Parkinson's disease (PD) affects 1% of adults over age 65. While traditionally defined by motor symptoms, up to 75% of PD patients will eventually develop dementia making it the leading cause of nursing home placement in this population. Although there is currently no cure for PD, our ability to treat motor symptoms has advanced tremendously since the 1960's based on advances in our understanding of motor symptom neurophysiology. I propose that the treatment and prevention of dementia in PD may also prove possible through advances in our understanding of the neurophysiology of cognitive dysfunction. I will use modern network theory as a theoretical and mathematical framework for this endeavor. My long-term goal is to advance our fundamental understanding of the neurophysiology of cognitive dysfunction in PD to provide empirically testable models, clinically relevant biomarkers, and novel therapeutic targets. The central hypothesis of this proposal is that patterns of cortical functional connectivity critical to normal cognitive function are disrupted by subcortical pathology in PD and that interventions which normalize these patterns will improve cognition. This hypothesis has been formulated on the basis of preliminary data presented in this proposal and other previously published work. The research objectives of this proposal are to further our understanding of how cortical connectivity relates to cognitive dysfunction in PD, develop a novel biomarker for cognitive dysfunction in PD based on cortical physiology and to determine whether modulation of cortical connectivity may result in cognitive improvements in PD. We will accomplish the objectives of this proposal through three Specific Aims: 1) Determine whether graph theory measures of functional cortical activity measured with magnetoencephalography (MEG) are associated with cognitive dysfunction in PD subjects with and without mild cognitive impairment (MCI);2) Develop a novel state-defining biomarker for cognitive dysfunction in PD based on MEG features through a machine learning approach;and 3) Determine the effects of repetitive transcranial magnetic stimulation (rTMS) on MEG measures of cortical connectivity and cognitive outcomes in PD-MCI patients. The approach is innovative because it represents the first study to apply graph theory measures to understanding the relationship of cortical physiology and cognitive dysfunction in PD;the first study to apply machine learning approaches to cognitive PD biomarker development;and the first clinical trial or mechanistic study of rTMS in PD-MCI. The proposed research is significant because it is expected to advance our understanding of the pathophysiology of cognitive dysfunction in PD and will provide biomarkers and pilot data essential to planning future therapeutic interventions. The training objectives and related research activities of this proposal will provide new skills, manuscripts and pilot data related to advanced MEG analysis, graph theory, biomarker development and rTMS trials necessary to establish my independence in these areas and obtain R01 funding to advance this unique research program.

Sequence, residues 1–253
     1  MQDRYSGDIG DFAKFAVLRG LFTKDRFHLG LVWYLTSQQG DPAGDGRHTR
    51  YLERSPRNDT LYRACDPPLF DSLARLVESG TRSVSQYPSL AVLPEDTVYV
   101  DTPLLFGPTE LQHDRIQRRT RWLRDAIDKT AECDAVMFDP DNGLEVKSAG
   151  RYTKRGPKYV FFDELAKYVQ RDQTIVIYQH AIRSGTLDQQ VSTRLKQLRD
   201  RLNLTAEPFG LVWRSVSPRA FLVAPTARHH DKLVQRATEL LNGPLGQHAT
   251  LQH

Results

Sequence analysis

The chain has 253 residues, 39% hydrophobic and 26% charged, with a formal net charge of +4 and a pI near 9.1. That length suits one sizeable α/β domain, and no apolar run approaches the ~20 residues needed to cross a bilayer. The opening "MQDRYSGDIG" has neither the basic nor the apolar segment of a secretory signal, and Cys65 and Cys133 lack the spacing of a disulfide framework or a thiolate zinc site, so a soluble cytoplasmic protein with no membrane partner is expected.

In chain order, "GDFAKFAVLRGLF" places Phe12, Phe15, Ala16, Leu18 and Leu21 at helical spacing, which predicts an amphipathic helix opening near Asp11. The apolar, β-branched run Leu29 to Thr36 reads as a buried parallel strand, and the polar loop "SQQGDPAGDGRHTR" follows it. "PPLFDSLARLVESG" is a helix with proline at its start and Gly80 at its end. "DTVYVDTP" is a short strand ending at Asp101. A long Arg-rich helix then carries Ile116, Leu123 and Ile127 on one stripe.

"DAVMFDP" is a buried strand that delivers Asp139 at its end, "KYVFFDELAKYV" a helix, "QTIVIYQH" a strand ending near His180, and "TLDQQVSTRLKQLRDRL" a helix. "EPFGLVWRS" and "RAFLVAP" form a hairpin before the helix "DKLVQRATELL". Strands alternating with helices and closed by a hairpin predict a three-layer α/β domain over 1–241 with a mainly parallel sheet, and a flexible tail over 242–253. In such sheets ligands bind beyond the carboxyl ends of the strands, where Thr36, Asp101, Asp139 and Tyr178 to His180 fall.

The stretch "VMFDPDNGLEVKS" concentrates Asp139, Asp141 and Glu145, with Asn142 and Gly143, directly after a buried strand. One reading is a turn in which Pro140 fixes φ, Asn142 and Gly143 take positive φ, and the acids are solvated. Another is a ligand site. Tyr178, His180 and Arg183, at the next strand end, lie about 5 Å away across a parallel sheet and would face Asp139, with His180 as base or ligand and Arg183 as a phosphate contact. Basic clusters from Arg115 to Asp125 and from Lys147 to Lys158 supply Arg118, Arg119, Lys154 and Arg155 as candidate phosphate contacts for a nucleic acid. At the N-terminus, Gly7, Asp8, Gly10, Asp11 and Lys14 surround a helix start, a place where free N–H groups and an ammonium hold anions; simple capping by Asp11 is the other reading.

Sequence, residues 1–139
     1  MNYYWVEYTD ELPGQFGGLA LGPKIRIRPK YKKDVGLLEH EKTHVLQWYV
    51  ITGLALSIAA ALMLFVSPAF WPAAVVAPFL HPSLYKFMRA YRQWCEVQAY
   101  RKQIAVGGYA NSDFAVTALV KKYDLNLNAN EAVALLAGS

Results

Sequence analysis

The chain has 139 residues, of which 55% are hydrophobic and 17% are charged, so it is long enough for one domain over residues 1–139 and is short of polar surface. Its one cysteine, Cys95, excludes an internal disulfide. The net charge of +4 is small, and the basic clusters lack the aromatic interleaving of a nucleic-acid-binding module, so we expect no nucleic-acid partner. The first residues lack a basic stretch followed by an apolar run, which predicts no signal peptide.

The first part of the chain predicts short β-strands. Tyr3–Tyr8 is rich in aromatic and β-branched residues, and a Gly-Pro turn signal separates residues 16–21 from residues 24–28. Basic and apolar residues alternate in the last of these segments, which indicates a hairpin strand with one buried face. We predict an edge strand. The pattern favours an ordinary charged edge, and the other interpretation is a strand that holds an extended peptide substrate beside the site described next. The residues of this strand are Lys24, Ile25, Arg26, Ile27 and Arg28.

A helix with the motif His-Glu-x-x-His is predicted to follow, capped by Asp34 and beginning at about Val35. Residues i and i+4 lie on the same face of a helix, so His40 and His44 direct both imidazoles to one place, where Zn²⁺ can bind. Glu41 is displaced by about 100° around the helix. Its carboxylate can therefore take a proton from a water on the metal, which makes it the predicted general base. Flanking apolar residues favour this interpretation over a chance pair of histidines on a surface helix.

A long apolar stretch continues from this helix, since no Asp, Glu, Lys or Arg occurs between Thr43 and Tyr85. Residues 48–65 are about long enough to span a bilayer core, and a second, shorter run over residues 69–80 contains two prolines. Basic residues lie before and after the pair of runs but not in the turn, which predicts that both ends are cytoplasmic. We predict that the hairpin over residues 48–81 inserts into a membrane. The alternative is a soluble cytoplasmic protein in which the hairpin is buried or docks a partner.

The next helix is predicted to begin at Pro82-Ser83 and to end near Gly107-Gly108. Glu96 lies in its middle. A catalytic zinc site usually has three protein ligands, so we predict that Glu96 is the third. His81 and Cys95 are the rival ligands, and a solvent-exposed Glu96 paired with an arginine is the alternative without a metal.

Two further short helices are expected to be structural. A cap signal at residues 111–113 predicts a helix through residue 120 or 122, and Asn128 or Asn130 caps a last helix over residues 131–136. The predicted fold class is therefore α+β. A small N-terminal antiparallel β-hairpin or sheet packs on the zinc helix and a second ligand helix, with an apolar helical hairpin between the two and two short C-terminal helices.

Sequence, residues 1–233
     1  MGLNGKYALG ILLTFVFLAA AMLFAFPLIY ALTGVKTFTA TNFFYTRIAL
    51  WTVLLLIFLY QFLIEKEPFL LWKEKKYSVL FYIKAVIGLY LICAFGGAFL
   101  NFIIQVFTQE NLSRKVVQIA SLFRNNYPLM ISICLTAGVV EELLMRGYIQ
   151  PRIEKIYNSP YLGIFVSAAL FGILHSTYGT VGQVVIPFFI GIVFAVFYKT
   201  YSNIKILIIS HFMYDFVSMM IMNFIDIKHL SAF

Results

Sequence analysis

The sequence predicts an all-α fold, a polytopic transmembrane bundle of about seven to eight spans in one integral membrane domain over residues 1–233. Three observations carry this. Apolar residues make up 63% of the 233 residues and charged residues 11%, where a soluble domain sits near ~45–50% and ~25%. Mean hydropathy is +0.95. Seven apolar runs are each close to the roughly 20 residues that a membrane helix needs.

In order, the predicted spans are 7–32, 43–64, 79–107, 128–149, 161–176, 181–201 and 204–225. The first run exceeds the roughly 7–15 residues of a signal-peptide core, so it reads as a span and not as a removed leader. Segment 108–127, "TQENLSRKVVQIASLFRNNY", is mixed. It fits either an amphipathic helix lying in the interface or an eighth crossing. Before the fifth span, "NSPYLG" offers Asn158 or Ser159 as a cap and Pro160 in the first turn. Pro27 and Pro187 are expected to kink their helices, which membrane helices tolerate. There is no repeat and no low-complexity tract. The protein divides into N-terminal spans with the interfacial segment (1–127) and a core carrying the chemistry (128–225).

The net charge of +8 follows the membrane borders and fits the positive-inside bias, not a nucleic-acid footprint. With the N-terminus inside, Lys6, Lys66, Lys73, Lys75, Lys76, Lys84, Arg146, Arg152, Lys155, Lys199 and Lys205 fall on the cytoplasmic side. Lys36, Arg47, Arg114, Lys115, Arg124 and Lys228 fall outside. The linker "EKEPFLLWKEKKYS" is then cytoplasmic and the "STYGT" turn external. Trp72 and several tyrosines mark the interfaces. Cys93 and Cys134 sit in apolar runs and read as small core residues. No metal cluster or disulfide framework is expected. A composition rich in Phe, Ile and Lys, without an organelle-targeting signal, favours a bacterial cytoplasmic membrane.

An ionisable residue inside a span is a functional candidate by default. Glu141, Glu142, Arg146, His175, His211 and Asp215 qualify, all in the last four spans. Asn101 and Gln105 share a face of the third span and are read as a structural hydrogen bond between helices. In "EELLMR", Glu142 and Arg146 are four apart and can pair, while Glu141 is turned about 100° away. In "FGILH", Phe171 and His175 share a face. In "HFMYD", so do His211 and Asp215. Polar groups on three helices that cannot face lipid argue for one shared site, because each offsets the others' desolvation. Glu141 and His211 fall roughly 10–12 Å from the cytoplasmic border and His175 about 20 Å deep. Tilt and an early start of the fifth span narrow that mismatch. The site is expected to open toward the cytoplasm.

Dementia is the leading cause of nursing home placement in Parkinson's disease (PD) yet little is known about the cause(s) of cognitive dysfunction in PD and there are no effective treatments. Our preliminary data and other published studies suggest that abnormalities in brain activity involving networks important for normal thinking and memory may contribute to cognitive dysfunction in PD and may represent a target for treatment. This proposal will identify abnormalities in cortical activity related to cognitive dysfunction in PD usng magneto encephalography and will perform a randomized control trial of frontal repetitive trans cranial magnetic stimulation to determine the therapeutic potential of modulating this brain activity.
|Kluger, Benzi M; Brown, R Preston; Aerts, Shanae et al. (2014) Determinants of objectively measured physical functional performance in early to mid-stage Parkinson disease. PM R 6:992-8|